“He was with me before and we started again in October at his new academy in Germany. From there, my game was getting better and I felt more comfortable on the court. I was more aggressive and relaxed and we did a short training to prepare for the last two tournaments of the year in Maia, Portugal. That’s where I won my first Challenger title. If you don’t have an obstacle or a difficult time, you don’t know how it feels. It helped me to know myself better on the court and off the court. It was a very important period.”
With confidence and momentum restored, Tseng has pushed on in 2022. The 20-year-old is currently eighth in the Pepperstone ATP Live Race To Milan and looks on course to make his debut at the Intesa Sanpaolo Next Gen ATP Finals in November if he can continue to perform strongly.
He feels the experiences he has had throughout the season have put him in good stead to continue his progression in the coming months.
“After my first title in a Challenger in Maia, I believed that I could do something on the Tour and I started to know my game better and use my weapons better,” Tseng said when discussing his game. “I found my rhythm and I knew that I could break through. This Challenger I will remember the most, because it helped my confidence when I was really down, and that was very important mentally.
“I was happy to get the wild card to the  Australian Open, but I had COVID right before and did seven days quarantine before my match. That was not so good an experience for the first time in the main draw of a Grand Slam. But I enjoyed the atmosphere there. And I was happy to win my next tournament at the Challenger in India [in Bengaluru]. I believed in myself that I could do it, and on the clay too, when I won in Murcia in Spain. I didn’t expect this, but I just work as hard as I can and do my best on the court.”
With Tseng eyeing main draw appearances at tour-level events in the future, he looks set to follow in the footsteps of Japan’s Kei Nishikori and become a consistent presence for Asian tennis on the Tour for years to come.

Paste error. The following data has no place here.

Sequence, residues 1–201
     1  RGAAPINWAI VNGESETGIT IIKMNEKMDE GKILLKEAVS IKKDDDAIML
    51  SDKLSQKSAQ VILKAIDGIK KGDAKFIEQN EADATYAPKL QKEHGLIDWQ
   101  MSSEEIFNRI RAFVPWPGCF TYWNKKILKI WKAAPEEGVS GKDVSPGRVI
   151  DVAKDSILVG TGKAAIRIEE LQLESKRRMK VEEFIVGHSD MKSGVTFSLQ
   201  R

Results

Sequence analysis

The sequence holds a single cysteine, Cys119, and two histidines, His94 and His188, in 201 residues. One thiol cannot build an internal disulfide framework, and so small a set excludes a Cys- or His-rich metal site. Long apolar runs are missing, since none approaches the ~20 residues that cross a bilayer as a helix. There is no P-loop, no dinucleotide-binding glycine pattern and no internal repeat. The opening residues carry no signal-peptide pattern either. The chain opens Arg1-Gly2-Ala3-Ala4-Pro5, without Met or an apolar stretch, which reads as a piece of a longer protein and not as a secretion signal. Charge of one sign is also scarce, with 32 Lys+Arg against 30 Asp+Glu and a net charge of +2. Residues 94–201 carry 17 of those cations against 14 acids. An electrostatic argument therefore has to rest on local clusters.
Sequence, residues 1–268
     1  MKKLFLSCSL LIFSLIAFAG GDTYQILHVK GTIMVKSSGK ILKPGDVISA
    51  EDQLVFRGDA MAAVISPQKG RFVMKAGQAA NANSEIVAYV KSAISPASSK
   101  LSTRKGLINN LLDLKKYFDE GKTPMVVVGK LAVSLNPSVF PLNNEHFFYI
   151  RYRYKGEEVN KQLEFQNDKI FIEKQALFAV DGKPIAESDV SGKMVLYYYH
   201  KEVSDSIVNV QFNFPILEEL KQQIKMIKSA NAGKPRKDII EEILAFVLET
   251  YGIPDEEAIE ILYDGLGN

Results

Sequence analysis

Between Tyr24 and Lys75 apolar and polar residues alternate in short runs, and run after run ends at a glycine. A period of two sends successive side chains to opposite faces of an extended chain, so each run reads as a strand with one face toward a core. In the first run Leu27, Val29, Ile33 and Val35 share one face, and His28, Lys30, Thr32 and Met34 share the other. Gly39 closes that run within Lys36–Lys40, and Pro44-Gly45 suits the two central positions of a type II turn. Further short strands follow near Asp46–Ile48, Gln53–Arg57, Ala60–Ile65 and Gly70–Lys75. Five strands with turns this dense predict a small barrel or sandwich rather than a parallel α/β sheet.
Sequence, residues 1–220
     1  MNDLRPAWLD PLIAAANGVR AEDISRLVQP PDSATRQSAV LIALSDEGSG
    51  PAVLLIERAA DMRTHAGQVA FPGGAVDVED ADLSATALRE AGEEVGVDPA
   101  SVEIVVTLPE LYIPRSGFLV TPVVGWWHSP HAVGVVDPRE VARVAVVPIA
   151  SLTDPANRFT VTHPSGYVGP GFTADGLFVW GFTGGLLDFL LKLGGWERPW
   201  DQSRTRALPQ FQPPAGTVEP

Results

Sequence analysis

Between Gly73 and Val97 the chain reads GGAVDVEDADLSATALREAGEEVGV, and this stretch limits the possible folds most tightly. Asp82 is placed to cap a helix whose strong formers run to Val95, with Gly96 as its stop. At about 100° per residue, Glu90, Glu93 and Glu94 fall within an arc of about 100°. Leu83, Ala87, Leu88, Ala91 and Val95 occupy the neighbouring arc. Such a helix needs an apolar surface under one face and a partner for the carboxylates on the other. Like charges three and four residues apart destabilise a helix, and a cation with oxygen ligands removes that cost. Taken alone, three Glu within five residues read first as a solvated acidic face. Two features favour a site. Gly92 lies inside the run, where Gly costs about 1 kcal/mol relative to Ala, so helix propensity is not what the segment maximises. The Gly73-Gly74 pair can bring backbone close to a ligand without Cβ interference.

Get to Know Tseng
Tennis Idol: Kei Nishikori. Both of us are Asian and he’s one of the best players in Asia. And I think we have a very similar playing style. When I was young, I really looked to be like him and to play like him.
Hobbies: During COVID, before the tournaments started again, I tried to learn piano. I like the music and my mom has a very good friend who is a piano teacher. She said that if I don’t want to play tennis, that I would be a very good piano player. I learned for only seven days and I could already play a song, so I’m not bad.
Favourite Food: In Taiwan, the food is amazing and so cheap. If you want different styles, we have everything. Hot pot is my favourite. It’s a hot soup with meat and vegetables inside. I like chicken curry too.
Biggest Passion Outside Tennis: I like every sport. Basketball, baseball, badminton, snooker, table tennis. I like baseball a lot. It is difficult to play, because you need 18 people, but I like to throw. I travel with a glove and I throw with [countryman] Tony Wu when we are together. The Rakuten baseball team in Taiwan is my favourite and Shohei Ohtani is my favourite athlete. The only sport I do not like is golf. I was terrible.
Invite Two Famous People To Dinner: Chinese singers Jay Chou and G.E.M. My favourite music is Chinese pop.